Around the Internets

Better late than never — help yourself to a heaping helping of healthy links (after the jump):

But it’s the thought that counts (amirite?): William Tucker on the practical limits of pan-Arab support for Gaza:

In this time it is important to remember that the Arab people are not politically united. As we have discussed here before, political borders only divide people on a map. The Arab people are spread over a large geographical area and are forced to accept and abide by local realities despite their ethno-linguistic ties. In other words, overcoming distance is more of a challenge than stepping over a political border. Their governments, of course, are no different. Despite the rhetoric emanating from many Arab states there is little they can do beside offer moral support for Hamas and the question of intervening militarily is simply beyond the capabilities of most. Consider the violence in Syria and Iraq, or perhaps the dire economic situations in Egypt or Jordan and see that these issues are solely among Arab peoples and some minorities, and yet, there was little done by the so-called Arab world to rectify these issues. In essence, these problems are left to local governance and leave little bandwidth for foreign adventures of the affected nation-state – no matter how unifying the political cause may be.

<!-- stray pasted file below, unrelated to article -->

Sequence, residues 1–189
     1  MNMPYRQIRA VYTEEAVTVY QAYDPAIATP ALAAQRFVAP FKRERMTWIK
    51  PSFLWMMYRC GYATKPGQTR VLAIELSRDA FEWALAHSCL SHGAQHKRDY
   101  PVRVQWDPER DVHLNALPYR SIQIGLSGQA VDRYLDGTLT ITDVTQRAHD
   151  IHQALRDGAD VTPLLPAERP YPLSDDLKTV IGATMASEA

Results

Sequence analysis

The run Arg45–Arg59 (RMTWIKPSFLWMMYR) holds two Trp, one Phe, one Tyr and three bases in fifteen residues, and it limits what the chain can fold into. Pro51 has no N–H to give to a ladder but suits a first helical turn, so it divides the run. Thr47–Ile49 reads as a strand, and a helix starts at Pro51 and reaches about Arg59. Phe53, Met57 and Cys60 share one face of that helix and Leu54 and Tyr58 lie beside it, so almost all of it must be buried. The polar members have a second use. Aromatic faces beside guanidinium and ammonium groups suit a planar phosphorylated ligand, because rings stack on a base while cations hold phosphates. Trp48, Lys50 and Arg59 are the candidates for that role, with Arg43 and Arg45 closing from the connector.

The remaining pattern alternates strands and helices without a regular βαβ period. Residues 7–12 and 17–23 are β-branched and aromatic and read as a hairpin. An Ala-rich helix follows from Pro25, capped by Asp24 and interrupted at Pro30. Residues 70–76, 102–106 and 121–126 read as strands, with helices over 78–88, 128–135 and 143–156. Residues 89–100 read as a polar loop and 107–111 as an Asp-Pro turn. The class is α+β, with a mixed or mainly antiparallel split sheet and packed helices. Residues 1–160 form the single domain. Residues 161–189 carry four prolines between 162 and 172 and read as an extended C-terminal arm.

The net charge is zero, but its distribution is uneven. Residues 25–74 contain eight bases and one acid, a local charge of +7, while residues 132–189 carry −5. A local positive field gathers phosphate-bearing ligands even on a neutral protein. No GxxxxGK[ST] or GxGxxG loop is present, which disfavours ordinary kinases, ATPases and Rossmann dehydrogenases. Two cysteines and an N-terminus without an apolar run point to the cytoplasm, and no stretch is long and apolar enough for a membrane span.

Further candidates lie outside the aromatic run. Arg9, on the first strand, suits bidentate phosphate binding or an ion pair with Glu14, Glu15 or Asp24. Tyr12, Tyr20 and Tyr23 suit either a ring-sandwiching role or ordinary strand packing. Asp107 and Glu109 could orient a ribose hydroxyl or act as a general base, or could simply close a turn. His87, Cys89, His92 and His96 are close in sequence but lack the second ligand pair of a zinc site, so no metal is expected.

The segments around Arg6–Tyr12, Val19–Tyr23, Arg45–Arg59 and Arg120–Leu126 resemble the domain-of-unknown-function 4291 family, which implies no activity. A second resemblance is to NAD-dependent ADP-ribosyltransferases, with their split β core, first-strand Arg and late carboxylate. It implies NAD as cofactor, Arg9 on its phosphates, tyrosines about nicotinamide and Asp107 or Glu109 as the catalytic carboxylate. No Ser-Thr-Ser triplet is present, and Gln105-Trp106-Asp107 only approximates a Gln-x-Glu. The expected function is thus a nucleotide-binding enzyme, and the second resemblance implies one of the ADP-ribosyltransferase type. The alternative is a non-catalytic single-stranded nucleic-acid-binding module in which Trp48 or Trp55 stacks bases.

…and a pony (What? Somebody had to say it): If Obama is truly committed to Israel he should help broker peace with Palestinians, says Matt Duss:

While it’s obviously altogether a great thing to prevent rockets from raining down on Israeli towns and homes, technological marvels such as Iron Dome should not obscure the fact that real, long-term security for Israelis means obtaining real security for Palestinians, too, through a two-state accord in which both peoples’ national rights are recognized, and in which the occupation of the West Bank and Gaza is ended, completely.

This is where President Obama has, once again, an opportunity to show his support for the security of Israel, and for Palestinians, by beginning another push for a two-state solution. I don’t have any illusions about how difficult this will be, given that the regional table isn’t exactly set for peace-making t this moment. Even in better circumstances, this conflict has an amazing ability to frustrate leaders who attempt to grapple with it, and there’s a strong temptation, encouraged by very vocal pro status-quo factions in both Israel and the United States, to believe that the conflict can only be managed, not solved, and that that attempting to forge peace is naive. But what is truly naive is imagining that this status quo can continue.

No end but…er… Robert Wright tries to divine a possible conclusion  to Israel’s blockade of Gaza — and comes up empty (h/t TAFKA Hilzoy, via FB):

“If you mention the blockade to the average reasonably well-informed American or Israeli, you’ll likely get a reply such as: Well, if the Gazans don’t like economic strangulation, Hamas should quit firing missiles at Israel; or Hamas should recognize the state of Israel; or Hamas should do something else Israel wants it to do.

So, over the past couple of days, I tried to find out exactly what actions on the part of Hamas would suffice to end the blockade. And, after contacting various experts by email, I discovered that the answer is: nothing would suffice. At least, nothing we know of. Apparently Israel hasn’t articulated clear conditions under which the blockade would end.”